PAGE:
I also want to point out something here. If the two of you have been enjoying and celebrating along the way by making the preparation period fun, you will have positive memories to share with each other. Some of my fondest pageant memories are of the times preparing with my pageant coach Willa. As a pageant coach myself, it’s important to me that the time with my clients is not only educational but FUN!
Reflect on the lessons learned and move forward. Don’t replay events over and over in your mind; or dwell in the land of woulda, coulda, shoulda. Everything works together in the big plan. Let it go. Remember, our children will learn by our example so live the validate, celebrate and detach in your life, and you’re children will do the same :).
Beyond The Pageant
Whether it’s trying out for a sports team, auditioning for a performance, or interviewing for a job, there are regular situations where we put ourselves in the position of hearing the word no.
But does “no” really have to end in feeling disappointed? When I look back at some of the firm no’s I received, those no’s actually turned out to be yes blessings in disguise. Of course, the acknowledgement of the blessing almost always came with time. Now, I recognize that good will come from the no. So I allow myself to feel the emotion briefly and then detach knowing that the yes is right around the corner.
In most cases the answer looked like a no; but it was actually a “Yes, but not now.” I won the title of Mrs. Ohio America my 5th time in the pageant. It was a timing issue, not a no.
A more drastic example from my life is when I auditioned for Up With People when I was 17. When I received my letter stating I was not accepted at that time, I could have taken that as a negative no and never applied again.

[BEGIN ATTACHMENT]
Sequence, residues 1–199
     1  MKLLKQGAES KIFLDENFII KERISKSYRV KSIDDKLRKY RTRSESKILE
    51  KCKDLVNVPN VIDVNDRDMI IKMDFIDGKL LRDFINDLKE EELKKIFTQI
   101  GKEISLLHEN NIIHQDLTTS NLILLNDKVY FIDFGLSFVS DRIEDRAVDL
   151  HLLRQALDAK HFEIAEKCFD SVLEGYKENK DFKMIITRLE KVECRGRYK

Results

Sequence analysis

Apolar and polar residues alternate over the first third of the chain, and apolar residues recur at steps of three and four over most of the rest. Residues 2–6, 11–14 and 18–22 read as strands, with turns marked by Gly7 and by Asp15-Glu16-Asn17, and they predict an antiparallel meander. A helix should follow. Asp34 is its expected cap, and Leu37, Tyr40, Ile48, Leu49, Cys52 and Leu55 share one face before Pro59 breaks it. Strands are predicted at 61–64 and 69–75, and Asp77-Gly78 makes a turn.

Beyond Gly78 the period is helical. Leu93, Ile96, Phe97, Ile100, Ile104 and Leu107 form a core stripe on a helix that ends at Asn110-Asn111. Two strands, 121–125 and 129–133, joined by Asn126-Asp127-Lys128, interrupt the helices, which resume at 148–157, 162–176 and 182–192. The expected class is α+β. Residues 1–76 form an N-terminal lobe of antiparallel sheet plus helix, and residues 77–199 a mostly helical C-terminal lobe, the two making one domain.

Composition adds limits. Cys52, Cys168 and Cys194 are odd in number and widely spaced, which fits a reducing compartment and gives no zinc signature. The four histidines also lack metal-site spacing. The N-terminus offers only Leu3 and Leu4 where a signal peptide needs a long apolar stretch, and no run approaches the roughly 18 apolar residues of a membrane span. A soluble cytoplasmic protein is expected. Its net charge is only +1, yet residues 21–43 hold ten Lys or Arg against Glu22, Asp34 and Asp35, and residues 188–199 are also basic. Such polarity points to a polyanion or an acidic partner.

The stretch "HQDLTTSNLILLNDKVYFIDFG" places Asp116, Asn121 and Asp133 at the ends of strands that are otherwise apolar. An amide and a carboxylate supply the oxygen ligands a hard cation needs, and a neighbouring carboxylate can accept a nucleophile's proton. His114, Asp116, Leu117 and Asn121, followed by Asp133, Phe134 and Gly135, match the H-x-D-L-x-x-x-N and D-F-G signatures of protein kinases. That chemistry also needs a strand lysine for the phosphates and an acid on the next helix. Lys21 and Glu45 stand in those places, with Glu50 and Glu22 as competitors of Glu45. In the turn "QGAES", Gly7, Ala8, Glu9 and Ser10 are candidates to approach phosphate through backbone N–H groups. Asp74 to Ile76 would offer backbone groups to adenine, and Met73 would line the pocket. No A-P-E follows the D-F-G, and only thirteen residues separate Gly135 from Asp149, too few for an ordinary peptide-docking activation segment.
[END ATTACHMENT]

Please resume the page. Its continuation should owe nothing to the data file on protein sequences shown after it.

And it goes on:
However, the next year, I reapplied and this time was accepted. Had I been accepted the first time around, this South Dakota farm girl would have never met the boy from Tennessee. I would not have my husband of 20 years nor the three daughters that mean the world to me.
Sometimes no is only yes in a different package.
Rhonda Shappert is a pageant expert, personal development life coach, and owner of Winning Through Pageantry™, a business she created that not only helps her clients achieve winning results in pageants, but helps them Succeed From The Inside Out™ in their lives. In the pageant world she has held multiple local, state and national titles. Rhonda graduated Cum Laude with a Bachelors degree in Musical Theater from The Ohio State University and has performed on stage in 15 countries on the Asian, European and American continents. This mother of three who has been married 20 years to her husband Stephen, home educates their children, is the former mayor of her community, and is on the Board of Trustees for the Ohio Virtual Academy. She and her husband perform original contemporary Christian music. Their music CD entitled Cana is available through www.cdbaby.com/cd/shappert or on her website. For more information on Rhonda, visit www.WinningThroughPageantry.com.